I take the “church in [Philemon’s] house” to be a small subset of the believers in Philemon’s town. I follow E.A. Judge in taking this term to refer to the believing members of Philemon’s household. All the believing households (and other individuals) would have come together to meet in the house of a host/patron (who need not have been Philemon himself). If this is correct, and if Colossians is genuine, and if Philemon lived in Colossae, it is not surprising that Colossians does not mention Philemon.

    You wrote “Fellows gives too much weight to his conviction, based on Ignatius’ letters, that only people who knew each other personally sent greetings; you only have to look carefully at Colossians to see that this is not true in Paul’s case.” You are quite right that Paul greets the Colossians. Thanks for that. He seems to have felt a strong connection with them, even though he had not met (most of) them. The other greeters, however, all seem to be people who travelled on church business, which would be odd if any believer in Rome could feel sufficient connection with believers in Colossae to send greetings. My belief that people did not generally send greetings to those they did not know is based on much more than just Ignatius’s letters, but it is hard to prove a negative. Perhaps you or another reader can think of other examples of a named person greeting someone unknown to him/her? This is an important issue and would be a great subject for a research project. Anyone?

    I’m still puzzled as to why, on your reconstruction, Paul would send greetings in both letters from essentially the same people. Paul had many other friends in Rome (see Rom 16) who could have sent greetings (if people greeted those they did not know). It is not mathematically impossible that the two sets of greeters would happen to coincide so thoroughly and would happen to consist only of those who travelled on church business, but it does seem statistically unlikely. Why no greetings, in either letter, from Prisca, Aquila, Phoebe, Andronicus, or Junia?

    Thanks again for the response. Discussions like this can achieve in a few days what it would take decades to achieve through the “conversation” of journal articles.

  • Xabier

    Hi, Vicky and Richard:

    “Perhaps you or another reader can think of other examples of a named person greeting someone unknown to him/her?”

    The answer is in Rom. 16: Timothy, Lucius, Secundus, Tertius, Jason… Or in Philippians: are known to the philippians those of the household of Caesar?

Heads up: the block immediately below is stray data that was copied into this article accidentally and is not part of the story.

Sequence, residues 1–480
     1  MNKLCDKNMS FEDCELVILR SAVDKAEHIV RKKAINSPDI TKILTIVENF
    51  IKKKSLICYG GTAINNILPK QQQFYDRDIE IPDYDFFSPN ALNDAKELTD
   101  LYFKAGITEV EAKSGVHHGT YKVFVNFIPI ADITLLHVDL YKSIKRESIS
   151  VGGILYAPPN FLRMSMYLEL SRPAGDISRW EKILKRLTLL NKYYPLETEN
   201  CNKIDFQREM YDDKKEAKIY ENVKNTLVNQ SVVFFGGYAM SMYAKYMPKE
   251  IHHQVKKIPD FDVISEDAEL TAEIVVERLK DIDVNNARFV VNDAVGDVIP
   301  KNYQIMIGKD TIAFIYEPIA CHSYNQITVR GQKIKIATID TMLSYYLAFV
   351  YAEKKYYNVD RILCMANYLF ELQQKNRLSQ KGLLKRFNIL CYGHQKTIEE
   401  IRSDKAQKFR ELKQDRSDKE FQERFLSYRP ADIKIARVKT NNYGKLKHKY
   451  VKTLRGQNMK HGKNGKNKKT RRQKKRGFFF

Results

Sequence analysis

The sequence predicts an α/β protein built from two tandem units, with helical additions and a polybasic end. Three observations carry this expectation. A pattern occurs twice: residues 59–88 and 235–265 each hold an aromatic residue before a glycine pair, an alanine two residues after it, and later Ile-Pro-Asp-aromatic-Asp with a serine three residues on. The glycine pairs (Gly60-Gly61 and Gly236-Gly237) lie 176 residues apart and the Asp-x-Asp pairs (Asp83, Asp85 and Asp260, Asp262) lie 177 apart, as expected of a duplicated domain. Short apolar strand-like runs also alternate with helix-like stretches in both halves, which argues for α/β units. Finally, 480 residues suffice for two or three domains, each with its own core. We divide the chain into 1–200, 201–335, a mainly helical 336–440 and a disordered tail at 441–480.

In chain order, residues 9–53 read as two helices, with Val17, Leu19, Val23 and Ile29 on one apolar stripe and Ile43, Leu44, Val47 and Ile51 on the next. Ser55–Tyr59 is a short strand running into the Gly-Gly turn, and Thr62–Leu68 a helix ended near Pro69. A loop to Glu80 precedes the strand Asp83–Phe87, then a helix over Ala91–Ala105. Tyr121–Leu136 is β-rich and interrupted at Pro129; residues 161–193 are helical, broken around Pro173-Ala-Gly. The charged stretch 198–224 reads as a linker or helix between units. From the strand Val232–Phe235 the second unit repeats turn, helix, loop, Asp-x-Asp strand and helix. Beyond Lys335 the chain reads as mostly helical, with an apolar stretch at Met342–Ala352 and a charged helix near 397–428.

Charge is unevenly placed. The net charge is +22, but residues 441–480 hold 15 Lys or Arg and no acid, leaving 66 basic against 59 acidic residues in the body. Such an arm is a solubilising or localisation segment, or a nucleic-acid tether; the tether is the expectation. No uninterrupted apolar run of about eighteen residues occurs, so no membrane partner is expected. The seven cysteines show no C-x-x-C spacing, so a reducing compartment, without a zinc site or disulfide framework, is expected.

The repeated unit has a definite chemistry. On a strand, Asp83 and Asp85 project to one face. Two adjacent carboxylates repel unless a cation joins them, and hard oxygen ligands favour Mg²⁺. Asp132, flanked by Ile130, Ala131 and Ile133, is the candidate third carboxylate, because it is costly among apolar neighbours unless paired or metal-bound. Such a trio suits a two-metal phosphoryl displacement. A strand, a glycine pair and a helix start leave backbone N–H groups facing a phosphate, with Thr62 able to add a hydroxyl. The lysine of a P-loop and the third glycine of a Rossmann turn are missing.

For other hand, I think that Philemon was written from Ephesus and that Colossians is pseudonymous.


    • Richard Fellows

      Phil 4:22 is a special case. Paul sends greetings from those of the emperor’s household because he wants to emphasize that his imprisonment has advanced the gospel (Phil 1:12-14).

      The greeters in Rom 16:21-23 are Timothy, Lucius, Jason, Sosipater, Tertius, Gaius, Erastus and Quartus. Most, or all, of these travelled on church business and it is likely that all of them knew some members of the church of Rome, such as Prisca and Aquila.

      But I concede that you and Vicky are right that it was not always the case that greeters had met all those greeted. “Paul” greeting the Colossians demonstrates that. How, then, were greeters selected? The general rule seems to be that that there was a connection between the greeters and the greeted. Paul would have been well know, by reputation, to the Colossians (if the letter is genuine). The members of the church of Rome who had not met the greeters may well have heard about such famous people as Timothy and Lucius (Luke). The writing of the letter may have given Tertius a feeling of connection with the addressees.

      The greeters in Philemon, then, knew Philemon or were known by him or otherwise had some kind of specific connection, for they are mentioned by name. The greeters in Colossians (putatively?) had some kind of connection with the church of Colossae. The two lists of greeters are almost identical and this becomes harder to explain the more we separate the two destinations geographically and chronologically. Was there no-one with Paul who had a connection with Philemon and no connection with Colossae? I find this hard to imagine if Philemon lived in or near Rome. Therefore, this concern with Vicky’s theory remains, even if the criteria by which greeters were selected are broadened beyond what I originally proposed.